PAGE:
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How do I revert from my current state to a snapshot made on a certain commit?

If I do git log, I get the following output:

$ git log
commit a867b4af366350be2e7c21b8de9cc6504678a61b`
Author: Me <me@me.com>
Date:   Thu Nov 4 18:59:41 2010 -0400

blah blah blah...

commit 25eee4caef46ae64aa08e8ab3f988bc917ee1ce4
Author: Me <me@me.com>
Date:   Thu Nov 4 05:13:39 2010 -0400

more blah blah blah...

commit 0766c053c0ea2035e90f504928f8df3c9363b8bd
Author: Me <me@me.com>
Date:   Thu Nov 4 00:55:06 2010 -0400

And yet more blah blah...

commit 0d1d7fc32e5a947fbd92ee598033d85bfc445a50
Author: Me <me@me.com>
Date:   Wed Nov 3 23:56:08 2010 -0400

Yep, more blah blah.

How do revert to the commit from November 3, i.e. commit 0d1d7fc?

share|improve this question
Related How to undo the last Git commit?. – user456814 May 23 '14 at 17:57
Here's a very clear and thorough post about undoing things in git, straight from Github. – Nobita Jun 8 '15 at 19:41
Related: Rollback to an old Git commit in a public repo. Note that that question adds a constraint that the repo is public. – user456814 Oct 19 '15 at 9:51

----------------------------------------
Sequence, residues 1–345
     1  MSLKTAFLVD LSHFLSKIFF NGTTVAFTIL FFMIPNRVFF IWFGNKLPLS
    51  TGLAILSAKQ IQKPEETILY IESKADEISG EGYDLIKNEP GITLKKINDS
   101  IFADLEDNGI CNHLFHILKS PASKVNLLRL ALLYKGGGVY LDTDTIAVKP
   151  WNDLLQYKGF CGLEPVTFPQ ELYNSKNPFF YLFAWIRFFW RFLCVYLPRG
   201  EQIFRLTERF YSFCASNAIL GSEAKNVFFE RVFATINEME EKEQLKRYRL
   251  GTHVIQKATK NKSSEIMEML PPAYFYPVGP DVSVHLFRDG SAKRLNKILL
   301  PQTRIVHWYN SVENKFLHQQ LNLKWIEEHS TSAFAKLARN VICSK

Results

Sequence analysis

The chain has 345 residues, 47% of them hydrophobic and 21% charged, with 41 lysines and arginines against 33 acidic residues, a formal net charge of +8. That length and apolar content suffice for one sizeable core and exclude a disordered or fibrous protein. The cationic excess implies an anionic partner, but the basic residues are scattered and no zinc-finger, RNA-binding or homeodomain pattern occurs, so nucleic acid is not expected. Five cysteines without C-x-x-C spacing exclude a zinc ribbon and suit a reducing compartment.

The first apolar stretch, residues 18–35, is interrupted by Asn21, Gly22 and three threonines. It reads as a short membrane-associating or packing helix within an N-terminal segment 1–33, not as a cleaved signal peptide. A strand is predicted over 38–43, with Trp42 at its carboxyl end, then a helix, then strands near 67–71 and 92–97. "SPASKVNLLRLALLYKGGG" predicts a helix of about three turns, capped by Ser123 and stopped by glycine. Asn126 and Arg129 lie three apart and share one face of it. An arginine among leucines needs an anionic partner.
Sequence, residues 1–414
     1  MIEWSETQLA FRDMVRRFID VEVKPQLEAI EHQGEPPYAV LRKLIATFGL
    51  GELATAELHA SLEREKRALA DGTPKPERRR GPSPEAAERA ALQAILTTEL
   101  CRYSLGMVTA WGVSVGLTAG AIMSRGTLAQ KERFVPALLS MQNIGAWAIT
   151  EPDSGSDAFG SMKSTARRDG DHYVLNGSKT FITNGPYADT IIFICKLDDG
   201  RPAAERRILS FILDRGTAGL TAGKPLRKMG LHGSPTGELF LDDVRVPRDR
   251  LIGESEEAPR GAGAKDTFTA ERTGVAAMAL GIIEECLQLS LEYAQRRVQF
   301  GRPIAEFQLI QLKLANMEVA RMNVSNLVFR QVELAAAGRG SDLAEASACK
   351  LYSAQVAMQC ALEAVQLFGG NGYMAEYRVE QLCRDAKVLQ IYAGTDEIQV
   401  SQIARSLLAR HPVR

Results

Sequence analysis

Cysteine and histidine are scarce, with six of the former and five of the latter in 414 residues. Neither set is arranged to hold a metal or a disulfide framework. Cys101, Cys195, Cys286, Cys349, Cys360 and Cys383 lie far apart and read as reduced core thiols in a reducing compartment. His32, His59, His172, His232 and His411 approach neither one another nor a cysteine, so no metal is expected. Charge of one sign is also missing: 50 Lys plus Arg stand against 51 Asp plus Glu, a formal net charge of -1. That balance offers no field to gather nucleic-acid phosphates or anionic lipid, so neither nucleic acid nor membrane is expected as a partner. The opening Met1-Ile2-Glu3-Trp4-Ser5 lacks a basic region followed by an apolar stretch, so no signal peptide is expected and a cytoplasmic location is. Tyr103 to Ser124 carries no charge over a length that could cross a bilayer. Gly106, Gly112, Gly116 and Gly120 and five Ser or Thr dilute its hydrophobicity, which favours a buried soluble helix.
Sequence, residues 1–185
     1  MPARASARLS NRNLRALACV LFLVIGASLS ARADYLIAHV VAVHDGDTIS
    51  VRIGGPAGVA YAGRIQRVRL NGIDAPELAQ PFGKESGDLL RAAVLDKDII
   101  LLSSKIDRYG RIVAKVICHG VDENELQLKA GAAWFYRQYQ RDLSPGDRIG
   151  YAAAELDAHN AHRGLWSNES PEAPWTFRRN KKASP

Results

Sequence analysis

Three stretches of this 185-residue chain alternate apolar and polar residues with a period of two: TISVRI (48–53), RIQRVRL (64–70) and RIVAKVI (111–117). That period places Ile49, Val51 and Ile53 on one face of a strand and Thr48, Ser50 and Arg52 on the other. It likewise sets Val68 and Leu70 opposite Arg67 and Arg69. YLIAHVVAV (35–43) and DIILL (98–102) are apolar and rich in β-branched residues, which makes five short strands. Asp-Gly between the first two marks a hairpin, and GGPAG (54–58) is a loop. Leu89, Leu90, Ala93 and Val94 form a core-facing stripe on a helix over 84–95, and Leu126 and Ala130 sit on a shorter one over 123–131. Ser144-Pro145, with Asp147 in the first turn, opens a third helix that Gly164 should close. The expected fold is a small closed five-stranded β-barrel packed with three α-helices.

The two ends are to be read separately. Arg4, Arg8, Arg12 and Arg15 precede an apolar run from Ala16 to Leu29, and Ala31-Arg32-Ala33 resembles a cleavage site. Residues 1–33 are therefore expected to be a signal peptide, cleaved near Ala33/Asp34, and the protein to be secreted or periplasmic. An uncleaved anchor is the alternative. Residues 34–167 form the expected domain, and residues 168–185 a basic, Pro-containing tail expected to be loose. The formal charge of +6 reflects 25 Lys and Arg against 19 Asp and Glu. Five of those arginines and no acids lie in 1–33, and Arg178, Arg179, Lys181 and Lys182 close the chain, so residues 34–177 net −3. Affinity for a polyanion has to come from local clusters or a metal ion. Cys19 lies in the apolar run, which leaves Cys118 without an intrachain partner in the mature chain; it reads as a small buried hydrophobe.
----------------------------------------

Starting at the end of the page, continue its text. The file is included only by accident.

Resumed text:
in sourcetree, right click on the commit that you want to revert to, select 'reset current branch to this commit'. done! – sawe Jan 31 at 16:28
You can look here to find out some other ways as well./\stackoverflow.com/questions/34519665/… – CodeWizard Feb 21 at 0:25

24 Answers 24

up vote 5214 down vote accepted

This depends a lot on what you mean by "revert".

Temporarily switch to a different commit

If you want to temporarily go back to it, fool around, then come back to where you are, all you have to do is check out the desired commit:

# This will detach your HEAD, that is, leave you with no branch checked out:
git checkout 0d1d7fc32

Or if you want to make commits while you're there, go ahead and make a new branch while you're at it:

git checkout -b old-state 0d1d7fc32

To go back to where you were, just check out the branch you were on again. (If you've made changes, as always when switching branches, you'll have to deal with them as appropriate. You could reset to throw them away; you could stash, checkout, stash pop to take them with you; you could commit them to a branch there if you want a branch there.)

Hard delete unpublished commits

If, on the other hand, you want to really get rid of everything you've done since then, there are two possibilities. One, if you haven't published any of these commits, simply reset: